Interesting Questions, Facts, and Information
Unreliable Memoirs. James was born in 1939 in the Sydney suburb of Kogarah
Barry Humphries. Barry Humphries is also known as Dame Edna Everage, Sir Les Patterson et al...
Thomas Keneally. 'Chant' is based on a true story in Australian history: the rampage by the Governor brothers.
Patrick White. White won in 1973. He was born in the UK, but came to live in Australia when young.
|In 1994, "The Hand that Signed the Paper" won a Vogel Award for a first novel, followed by the prestigious Miles Franklin award and the Gold Medal of the Association for the Study of Australian Literature in 1995. Scandal ensued with accusations of plagiarism. Who was the controversial author of this book?||Great Australian Literature
Helen Demidenko (aka Helen Darville). All the answers listed refer to famous scandals in the area of Australian Art and Literature. Although the novel "The Hand that Signed the Paper" was a work of fiction, Helen Demidenko falsely claimed that her knowledge of the novel's subject matter (the holocaust in the Ukraine) was first-hand due to her Ukranian roots. In reality, Demidenko was an assumed name - she was really Helen Darville, of British descent. When it was alleged that, not only was the novel NOT "fiction based on fact", but that a significant amount of it was actually plagiarised from many different sources, controversy erupted. The judges who bestowed the Miles Franklin Award were criticised for refusing to discuss the reasons why they chose the book for the award and for refusing to rescind it. The author successfully defended herself against the charges of plagiarism but the book remains controversial.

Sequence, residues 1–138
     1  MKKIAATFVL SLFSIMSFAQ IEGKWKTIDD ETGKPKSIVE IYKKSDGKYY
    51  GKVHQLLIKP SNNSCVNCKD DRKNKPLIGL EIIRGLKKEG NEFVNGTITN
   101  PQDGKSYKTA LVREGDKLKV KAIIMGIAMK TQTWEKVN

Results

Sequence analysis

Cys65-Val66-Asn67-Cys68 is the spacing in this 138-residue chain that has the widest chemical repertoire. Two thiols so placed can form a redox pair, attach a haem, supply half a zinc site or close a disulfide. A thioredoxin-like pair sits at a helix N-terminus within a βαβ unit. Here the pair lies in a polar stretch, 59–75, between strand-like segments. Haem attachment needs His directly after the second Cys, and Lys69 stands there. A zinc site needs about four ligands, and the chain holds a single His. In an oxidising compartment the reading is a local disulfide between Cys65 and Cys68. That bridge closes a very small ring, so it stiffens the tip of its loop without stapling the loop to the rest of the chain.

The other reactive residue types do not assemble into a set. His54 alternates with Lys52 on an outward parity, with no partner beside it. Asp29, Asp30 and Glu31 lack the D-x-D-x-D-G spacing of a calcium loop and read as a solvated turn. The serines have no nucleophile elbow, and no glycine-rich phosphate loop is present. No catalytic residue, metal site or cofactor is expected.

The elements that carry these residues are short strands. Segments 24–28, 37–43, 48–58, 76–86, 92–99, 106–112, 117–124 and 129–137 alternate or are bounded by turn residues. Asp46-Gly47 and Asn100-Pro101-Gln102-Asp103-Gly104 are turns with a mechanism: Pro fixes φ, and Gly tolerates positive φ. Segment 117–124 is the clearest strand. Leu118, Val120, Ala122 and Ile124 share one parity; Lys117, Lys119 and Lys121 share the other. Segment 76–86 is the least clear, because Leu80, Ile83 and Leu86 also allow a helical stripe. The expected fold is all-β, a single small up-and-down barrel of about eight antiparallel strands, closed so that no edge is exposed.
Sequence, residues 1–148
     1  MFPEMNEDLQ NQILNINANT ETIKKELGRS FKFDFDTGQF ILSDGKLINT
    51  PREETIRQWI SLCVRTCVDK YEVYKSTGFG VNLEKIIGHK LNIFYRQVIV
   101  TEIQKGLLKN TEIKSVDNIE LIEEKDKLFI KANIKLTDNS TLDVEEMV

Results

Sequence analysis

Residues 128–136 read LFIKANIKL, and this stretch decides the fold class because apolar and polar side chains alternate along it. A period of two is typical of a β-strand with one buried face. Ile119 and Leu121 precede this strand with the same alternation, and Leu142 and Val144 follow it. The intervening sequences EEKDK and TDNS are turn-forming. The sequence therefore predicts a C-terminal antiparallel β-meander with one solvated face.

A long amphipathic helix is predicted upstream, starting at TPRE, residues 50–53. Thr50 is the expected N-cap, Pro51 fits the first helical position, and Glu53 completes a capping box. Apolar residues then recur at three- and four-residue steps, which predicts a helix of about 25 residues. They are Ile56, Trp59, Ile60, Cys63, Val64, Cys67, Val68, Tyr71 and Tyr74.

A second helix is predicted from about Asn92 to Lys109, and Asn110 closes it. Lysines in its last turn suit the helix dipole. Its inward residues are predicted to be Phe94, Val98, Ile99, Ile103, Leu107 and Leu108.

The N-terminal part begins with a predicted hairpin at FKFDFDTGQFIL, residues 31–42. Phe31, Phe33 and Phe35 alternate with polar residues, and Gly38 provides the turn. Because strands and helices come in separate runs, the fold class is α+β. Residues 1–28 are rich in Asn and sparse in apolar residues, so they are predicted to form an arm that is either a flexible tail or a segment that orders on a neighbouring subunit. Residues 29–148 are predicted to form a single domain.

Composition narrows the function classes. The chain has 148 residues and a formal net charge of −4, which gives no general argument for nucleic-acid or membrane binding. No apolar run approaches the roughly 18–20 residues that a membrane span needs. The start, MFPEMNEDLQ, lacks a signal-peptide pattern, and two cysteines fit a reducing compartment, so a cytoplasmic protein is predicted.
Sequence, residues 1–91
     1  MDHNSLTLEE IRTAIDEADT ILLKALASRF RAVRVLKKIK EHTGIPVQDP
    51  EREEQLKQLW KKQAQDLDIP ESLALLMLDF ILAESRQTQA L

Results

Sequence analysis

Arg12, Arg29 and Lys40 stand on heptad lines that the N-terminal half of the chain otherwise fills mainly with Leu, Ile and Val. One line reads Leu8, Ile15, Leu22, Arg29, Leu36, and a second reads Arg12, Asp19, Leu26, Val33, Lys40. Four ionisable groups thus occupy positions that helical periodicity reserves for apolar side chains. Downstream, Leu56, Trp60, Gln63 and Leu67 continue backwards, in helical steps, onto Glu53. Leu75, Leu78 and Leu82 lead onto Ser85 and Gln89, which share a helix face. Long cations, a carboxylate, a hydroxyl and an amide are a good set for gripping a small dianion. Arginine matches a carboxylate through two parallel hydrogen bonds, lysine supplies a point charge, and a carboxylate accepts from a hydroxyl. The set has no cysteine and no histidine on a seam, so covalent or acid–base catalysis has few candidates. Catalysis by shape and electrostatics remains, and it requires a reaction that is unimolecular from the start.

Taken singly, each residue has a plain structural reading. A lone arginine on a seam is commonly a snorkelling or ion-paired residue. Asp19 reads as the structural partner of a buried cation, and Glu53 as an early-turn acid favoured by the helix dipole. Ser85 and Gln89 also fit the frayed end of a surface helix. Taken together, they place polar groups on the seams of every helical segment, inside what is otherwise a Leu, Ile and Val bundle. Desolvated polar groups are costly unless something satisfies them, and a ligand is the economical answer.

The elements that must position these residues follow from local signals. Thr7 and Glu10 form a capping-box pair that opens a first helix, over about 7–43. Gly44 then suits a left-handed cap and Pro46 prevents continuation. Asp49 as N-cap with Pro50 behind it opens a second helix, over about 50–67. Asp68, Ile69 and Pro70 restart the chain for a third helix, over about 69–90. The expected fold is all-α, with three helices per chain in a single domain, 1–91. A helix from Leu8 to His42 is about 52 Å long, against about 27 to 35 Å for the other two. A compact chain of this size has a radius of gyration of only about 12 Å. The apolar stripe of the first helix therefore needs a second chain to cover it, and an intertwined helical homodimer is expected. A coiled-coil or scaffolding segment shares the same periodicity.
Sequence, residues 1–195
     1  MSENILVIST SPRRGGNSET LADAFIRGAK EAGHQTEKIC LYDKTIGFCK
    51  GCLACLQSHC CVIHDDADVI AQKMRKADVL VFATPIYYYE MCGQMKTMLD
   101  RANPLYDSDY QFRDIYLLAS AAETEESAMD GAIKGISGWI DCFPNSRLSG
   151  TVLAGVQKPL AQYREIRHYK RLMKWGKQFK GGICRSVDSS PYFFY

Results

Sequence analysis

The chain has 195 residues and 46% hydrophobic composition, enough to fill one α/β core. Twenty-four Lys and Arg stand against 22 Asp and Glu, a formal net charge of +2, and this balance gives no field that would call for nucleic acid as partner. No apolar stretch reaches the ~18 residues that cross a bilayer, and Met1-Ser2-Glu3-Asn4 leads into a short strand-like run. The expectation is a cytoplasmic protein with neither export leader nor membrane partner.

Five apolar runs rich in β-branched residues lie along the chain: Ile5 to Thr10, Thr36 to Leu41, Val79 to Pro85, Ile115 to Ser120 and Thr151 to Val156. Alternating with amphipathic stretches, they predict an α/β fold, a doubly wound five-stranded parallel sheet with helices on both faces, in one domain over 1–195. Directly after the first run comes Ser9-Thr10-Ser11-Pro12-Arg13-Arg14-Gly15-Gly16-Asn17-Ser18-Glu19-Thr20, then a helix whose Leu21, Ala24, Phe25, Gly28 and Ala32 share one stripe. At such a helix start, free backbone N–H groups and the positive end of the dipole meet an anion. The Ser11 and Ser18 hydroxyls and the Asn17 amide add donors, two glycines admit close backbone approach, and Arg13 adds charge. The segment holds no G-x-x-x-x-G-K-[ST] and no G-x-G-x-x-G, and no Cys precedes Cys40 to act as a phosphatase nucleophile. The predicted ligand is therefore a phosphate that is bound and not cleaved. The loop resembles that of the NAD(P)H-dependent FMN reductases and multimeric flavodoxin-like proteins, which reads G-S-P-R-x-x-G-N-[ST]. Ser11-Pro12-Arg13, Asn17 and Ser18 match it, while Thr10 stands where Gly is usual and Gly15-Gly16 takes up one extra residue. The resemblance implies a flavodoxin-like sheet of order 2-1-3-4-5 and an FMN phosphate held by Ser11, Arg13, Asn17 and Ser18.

"A Fortunate Life" by Albert Facey. The book jacket summarises Albert Facey's autobiography as the story of "a parentless boy who started work at eight on the rough West Australian frontier, he struggled as an itinerant rural worker, survived the gore of Gallipoli, the loss of his farm in the Depression, the death of his son in World War II and that of his beloved wife after sixty devoted years - yet felt that his life was fortunate". Facey was 87 when his book was published in 1981. He died the following year.
|"Looking for Alibrandi" by Melina Marchetta is a modern Australian classic. First published in 1992, it is now commonly featured on high school English reading lists. The main character is a 17-year-old girl whose last name is Alibrandi. What is her first name?||Great Australian Literature
Josephine. The central character is Josephine, commonly known as Josie. Christina is her mother. Seraphina (Sera) and Anna are her friends. "Looking for Alibrandi" was Melina Marchetta's debut novel and was an instant success. The book describes, with great humour, Josie's search for who she really is. At the end of the novel, she declares "... the important thing is that I know where my place in life is...it matters who I feel like I am".
|One of Australia's most-loved children's books was written by May Gibbs. Her book described the world of the Australian bush with characters based on the flora and fauna, and featuring two gumnut babies. What is the name of this Australian children's classic?||Great Australian Literature